Newburgh: Festival Still On
After a week of turmoil, organizers of Newburgh Illuminated reached a tentative agreement with the city to hold the festival this summer.
The nonprofit that puts on the festival had objected to conditions set by the city and said it planned to cancel the event. But the two sides agreed to have the festival end earlier, at 9 p.m. to give city workers time to clean up, place limits on crowd size and push the date from early June to July 22, among other provisions.
Earlier, the city had adjusted the festival footprint by one block on Liberty Street and one block on Broadway to provide better access to first responders. The city also has budgeted $50,000 for operations.
Poughkeepsie: DCC Launches Cannabis Program
Dutchess Community College announced on April 17 that it will begin this fall to offer a four-class, 13-credit program in Cannabis Retail Management.
According to the school, the course will teach students retail management skills, including storeroom operations, cost control, customer service and cannabis science.
“With 34 new dispensaries set to open in the Hudson Valley alone over the next year, our graduates will be ready to take advantage of well-paying opportunities to advance their careers,” said Maureen Gittelman, a hospitality and tourism professor, in a statement.
Albany: State Bans ‘Indian’ Mascots
The state Board of Regents on April 18 voted to ban schools from having Native American mascots.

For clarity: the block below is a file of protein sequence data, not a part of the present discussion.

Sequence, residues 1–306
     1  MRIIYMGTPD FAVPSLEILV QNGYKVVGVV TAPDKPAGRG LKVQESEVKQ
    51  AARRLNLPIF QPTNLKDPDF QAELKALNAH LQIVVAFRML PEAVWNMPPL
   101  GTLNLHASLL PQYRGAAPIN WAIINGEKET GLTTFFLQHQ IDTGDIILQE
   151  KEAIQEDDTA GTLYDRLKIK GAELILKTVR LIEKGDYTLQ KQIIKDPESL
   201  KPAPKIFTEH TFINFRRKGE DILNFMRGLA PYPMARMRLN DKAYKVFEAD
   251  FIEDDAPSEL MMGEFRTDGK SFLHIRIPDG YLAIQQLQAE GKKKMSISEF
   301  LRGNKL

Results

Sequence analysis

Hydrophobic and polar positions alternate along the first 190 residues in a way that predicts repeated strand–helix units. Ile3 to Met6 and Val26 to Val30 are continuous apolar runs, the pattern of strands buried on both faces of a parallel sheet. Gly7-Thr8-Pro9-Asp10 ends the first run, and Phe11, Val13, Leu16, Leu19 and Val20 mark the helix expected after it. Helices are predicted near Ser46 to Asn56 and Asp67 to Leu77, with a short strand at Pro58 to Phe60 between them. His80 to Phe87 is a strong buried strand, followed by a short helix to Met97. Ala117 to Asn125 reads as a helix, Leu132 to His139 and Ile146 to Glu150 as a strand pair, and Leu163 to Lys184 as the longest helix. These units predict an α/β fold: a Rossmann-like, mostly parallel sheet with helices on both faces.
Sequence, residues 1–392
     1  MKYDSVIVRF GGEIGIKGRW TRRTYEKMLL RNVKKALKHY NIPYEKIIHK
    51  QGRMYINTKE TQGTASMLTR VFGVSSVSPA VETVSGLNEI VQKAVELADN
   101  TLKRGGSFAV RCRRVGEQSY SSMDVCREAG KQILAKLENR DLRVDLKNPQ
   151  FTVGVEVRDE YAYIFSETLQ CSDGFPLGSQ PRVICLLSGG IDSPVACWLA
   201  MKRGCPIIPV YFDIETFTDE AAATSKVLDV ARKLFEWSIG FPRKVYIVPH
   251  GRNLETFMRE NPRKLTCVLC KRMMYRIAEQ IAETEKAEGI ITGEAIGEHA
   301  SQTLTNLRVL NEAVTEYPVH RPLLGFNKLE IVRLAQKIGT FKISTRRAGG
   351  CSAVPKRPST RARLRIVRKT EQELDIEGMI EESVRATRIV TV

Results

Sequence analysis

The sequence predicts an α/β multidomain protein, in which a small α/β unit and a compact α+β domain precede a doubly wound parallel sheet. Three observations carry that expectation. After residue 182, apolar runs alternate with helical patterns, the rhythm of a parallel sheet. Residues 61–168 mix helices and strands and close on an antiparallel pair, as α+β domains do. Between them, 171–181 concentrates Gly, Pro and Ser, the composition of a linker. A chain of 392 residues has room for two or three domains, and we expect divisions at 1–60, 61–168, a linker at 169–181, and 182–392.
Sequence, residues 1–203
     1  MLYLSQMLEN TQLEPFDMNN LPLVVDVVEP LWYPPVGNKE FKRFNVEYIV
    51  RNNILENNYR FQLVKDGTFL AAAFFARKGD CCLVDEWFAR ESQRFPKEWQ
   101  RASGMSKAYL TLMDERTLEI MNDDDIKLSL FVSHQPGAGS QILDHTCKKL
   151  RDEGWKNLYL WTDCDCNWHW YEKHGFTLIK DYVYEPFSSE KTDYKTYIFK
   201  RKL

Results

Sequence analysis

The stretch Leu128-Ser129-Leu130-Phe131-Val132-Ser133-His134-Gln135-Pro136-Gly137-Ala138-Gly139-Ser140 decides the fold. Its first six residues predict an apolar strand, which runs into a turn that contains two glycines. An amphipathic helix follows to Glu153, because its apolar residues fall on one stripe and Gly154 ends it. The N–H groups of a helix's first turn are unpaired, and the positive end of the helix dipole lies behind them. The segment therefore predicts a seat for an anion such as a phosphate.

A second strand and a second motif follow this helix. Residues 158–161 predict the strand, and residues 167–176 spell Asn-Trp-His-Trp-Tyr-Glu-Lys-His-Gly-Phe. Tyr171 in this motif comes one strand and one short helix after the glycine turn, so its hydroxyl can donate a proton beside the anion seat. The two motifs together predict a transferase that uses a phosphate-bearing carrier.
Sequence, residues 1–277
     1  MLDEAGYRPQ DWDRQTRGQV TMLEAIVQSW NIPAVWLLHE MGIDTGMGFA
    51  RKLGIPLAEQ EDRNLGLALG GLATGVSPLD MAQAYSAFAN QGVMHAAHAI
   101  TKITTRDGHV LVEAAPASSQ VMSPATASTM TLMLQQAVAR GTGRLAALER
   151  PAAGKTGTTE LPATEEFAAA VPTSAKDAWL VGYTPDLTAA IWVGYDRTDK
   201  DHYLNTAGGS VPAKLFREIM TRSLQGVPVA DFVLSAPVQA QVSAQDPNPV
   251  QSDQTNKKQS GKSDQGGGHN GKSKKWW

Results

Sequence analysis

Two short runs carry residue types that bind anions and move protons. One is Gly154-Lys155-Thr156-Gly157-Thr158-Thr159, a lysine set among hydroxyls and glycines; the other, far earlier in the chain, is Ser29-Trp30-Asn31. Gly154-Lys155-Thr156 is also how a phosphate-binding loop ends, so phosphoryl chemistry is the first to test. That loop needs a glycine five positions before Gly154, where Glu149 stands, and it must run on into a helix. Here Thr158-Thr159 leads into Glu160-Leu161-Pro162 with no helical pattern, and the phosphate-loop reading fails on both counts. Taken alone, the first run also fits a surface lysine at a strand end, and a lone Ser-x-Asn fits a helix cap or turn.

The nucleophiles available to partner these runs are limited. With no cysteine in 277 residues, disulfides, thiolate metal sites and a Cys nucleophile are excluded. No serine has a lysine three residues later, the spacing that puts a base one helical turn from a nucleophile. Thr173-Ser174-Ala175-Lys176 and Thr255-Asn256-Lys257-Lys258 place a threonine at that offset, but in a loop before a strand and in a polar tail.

Mahopac and Ketcham in Wappingers Falls are the final two schools in the area that have not abandoned Native American imagery. Both use the nickname “Indians.”
The state said it would withhold aid from districts that do not comply and gave schools until June 30 to retire their mascots and two years to eliminate all imagery. Sports trophies and other historical artifacts with Native American imagery can remain, the state said. Mahopac plans a student vote in June to select a new mascot.
Carmel: Sheriff Says No Basis for Arrest
In February, three Carmel High School students posted doctored videos on TikTok that appeared to show district administrators and members of the Putnam County Sheriff’s Department spewing racist tropes. The material also showed a simulated school shooting.
Last month, Sheriff Kevin McConville told a county Legislature committee that he had investigated the circumstances of the videos and determined there was no threat, and that the students did not have access to firearms. District Attorney Robert Tendy said he also evaluated the videos and saw no violation of the law.
“Were the statements disgusting, racist and abhorrent?” Tendy said. “Yes. But that does not mean a crime was committed. It happened because of three really stupid kids. And I had no grounds to arrest them. I’m glad that I don’t, frankly. They are being appropriately disciplined” by the school district.
Kingston: Buyback Nets 235 Weapons
The state of New York held nine simultaneous gun buyback events on April 29; the one closest to the Highlands took place at the American Legion in Kingston, where authorities collected 235 firearms.
The Office of the Attorney General offered $500 per assault rifle or ghost gun; $150 per handgun; $75 per rifle or shotgun and $25 per non-working, replica, antique, homemade or 3D-printed gun, with no questions asked.
Since 2019, the state has purchased 7,000 guns at buyback events.